In the now infamous case of the “missing Maseratis,” as minister for the 2018 APEC summit in the Peter O’Neill-led government, Tkatchenko oversaw the purchase of 40 high-end Maseratis and four Bentley cars, costing $US5.6 million.

Meant to impress visiting APEC dignitaries, the luxury cars were never used. Protests and strikes erupted over the extravagant waste of public money. Queried about whether the vehicles would be sold to recover the money, Tkatchenko famously promised they would “sell like hot cakes.” According to police, however, they remain locked away in an old shed on the capital’s main wharf.

Many took to social media to focus on the extreme social inequality and deprivation that prevails. On Twitter, Maninhare Grant highlighted the near collapse of the health system with a photo of the country’s second largest hospital with a queue of new mothers forced into the corridor after delivering their babies. Another person posted a photo of Tkatchenko’s upmarket apartment contrasted with the wooden shanties in which his constituents live in an area of Port Moresby rife with homelessness.

Despite its significant natural resources PNG, an Australian colony until 1975, is among the poorest countries in the world. According to UN figures, 39 percent of the people live below the poverty line of $US1.90 a day. During the COVID pandemic tens of thousands of workers, estimated as high as 25 percent of the workforce, lost their jobs. Meagre government relief measures such as tax deferrals and loan repayment holidays have been woefully insufficient. The fragile health system with inadequate working conditions and low pay has seen repeated protests and strikes by nurses.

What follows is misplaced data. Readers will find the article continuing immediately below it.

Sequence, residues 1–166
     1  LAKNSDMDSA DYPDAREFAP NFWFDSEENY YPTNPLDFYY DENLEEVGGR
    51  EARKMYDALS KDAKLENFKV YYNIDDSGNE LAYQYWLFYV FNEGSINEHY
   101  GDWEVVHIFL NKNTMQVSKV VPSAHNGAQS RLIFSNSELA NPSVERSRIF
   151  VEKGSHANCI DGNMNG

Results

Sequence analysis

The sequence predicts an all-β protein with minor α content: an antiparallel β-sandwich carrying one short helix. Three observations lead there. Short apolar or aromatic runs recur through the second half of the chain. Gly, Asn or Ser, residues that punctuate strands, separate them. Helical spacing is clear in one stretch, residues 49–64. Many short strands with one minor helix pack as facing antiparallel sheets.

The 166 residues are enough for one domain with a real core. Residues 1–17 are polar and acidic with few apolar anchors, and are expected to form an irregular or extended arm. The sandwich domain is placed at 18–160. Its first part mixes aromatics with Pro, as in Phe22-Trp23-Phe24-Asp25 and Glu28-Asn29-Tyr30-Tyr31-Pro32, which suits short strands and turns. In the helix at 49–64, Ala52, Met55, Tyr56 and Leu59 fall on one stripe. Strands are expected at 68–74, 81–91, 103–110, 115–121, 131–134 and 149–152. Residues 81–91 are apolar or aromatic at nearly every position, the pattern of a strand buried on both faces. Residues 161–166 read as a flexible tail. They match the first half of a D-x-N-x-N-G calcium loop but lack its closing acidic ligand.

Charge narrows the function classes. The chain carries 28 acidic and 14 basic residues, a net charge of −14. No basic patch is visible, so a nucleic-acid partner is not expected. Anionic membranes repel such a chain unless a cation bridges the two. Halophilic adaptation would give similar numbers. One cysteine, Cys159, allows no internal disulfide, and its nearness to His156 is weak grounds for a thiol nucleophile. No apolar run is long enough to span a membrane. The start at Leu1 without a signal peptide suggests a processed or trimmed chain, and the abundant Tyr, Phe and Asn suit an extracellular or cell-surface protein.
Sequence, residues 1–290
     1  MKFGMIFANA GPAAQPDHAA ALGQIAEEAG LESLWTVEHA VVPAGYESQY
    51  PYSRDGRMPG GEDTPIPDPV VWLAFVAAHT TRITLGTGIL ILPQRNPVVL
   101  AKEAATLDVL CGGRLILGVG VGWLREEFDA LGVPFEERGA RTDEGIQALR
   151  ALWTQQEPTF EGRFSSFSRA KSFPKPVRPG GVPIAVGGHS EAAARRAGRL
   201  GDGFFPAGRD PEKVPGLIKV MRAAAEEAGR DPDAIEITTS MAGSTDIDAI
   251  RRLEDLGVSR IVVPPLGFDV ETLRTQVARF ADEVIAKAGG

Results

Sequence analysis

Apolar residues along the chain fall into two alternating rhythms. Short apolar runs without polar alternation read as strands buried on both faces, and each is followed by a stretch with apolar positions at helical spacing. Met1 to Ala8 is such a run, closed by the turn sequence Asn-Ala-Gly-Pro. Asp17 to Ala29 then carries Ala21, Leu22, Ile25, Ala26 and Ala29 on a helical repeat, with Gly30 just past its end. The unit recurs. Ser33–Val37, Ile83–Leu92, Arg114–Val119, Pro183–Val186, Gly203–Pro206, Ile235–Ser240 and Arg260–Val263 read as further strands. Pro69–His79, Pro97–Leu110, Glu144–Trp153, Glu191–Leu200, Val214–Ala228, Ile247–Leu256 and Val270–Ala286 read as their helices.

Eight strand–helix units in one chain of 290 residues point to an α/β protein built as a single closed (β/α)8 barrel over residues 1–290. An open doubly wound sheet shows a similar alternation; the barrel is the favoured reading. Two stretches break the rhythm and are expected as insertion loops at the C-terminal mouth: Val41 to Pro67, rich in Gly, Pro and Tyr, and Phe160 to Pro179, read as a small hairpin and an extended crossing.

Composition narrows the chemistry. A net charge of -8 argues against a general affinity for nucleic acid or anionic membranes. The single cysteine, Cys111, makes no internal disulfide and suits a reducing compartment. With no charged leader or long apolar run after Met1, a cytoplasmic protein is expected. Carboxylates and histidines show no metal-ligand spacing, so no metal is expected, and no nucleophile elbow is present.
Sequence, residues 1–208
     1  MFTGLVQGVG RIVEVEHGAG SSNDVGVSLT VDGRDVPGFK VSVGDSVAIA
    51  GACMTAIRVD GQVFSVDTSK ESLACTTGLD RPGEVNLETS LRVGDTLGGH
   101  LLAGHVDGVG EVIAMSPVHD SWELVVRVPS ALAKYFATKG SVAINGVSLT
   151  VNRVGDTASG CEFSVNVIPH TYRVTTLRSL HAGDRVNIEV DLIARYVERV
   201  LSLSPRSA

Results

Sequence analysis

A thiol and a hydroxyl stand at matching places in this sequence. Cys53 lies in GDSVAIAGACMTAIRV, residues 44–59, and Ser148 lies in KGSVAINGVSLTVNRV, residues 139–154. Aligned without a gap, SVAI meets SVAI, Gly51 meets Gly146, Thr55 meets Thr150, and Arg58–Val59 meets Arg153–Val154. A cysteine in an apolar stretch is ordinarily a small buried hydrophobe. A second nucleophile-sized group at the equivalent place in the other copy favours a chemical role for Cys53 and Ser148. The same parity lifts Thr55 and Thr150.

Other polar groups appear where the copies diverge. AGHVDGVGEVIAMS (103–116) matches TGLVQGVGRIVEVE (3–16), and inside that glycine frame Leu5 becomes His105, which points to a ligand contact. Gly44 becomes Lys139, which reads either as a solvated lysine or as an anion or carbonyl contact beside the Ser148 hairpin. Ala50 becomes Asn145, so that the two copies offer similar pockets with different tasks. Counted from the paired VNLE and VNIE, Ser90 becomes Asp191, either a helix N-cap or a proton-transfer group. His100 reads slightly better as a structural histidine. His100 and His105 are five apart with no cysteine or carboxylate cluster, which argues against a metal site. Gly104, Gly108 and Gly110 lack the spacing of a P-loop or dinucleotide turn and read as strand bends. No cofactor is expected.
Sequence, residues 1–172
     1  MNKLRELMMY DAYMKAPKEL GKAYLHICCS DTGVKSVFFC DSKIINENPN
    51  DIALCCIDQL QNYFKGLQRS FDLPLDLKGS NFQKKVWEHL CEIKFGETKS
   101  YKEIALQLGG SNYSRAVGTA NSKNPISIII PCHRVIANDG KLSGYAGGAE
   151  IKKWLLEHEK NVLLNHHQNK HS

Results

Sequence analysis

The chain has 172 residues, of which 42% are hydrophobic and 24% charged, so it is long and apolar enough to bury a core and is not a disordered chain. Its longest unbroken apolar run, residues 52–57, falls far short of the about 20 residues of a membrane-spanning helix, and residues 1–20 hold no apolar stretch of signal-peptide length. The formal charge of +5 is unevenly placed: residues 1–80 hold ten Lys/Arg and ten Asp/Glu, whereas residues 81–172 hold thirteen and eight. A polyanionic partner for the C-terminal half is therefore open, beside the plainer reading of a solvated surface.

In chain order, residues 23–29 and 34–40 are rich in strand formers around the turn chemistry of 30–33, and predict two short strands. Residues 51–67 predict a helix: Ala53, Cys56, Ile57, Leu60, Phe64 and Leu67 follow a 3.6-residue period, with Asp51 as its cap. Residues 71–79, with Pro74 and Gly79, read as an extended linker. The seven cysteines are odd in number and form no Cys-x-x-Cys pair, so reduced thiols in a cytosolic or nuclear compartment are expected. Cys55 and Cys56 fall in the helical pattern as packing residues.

Among deepening popular discontent, the Marape government is turning to more repressive measures. Last month, a curfew was imposed in the West New Britain province and extra police mobilised to quell unrest over the shooting dead of 16 prisoners trying to escape from Lakiemata prison. Seven out of the 24 escapees, aged between 22 and 40, were on remand.

In other authoritarian moves, forthcoming amendments to media laws threaten to mirror the harsh restrictions that applied until recently in Fiji. The new law aims “to outline the objectives and strategies for the use of media as a tool for development,” but less than two weeks were provided for submissions. The law has been described by media freedom advocates as “the thin edge of the web of state control.”

As for Tkatchenko, it is likely that Marape will not take long to express his forgiveness by reinstating the unpopular minister, either in his previous role or in another high-profile position—a move required to keep his unstable coalition government intact.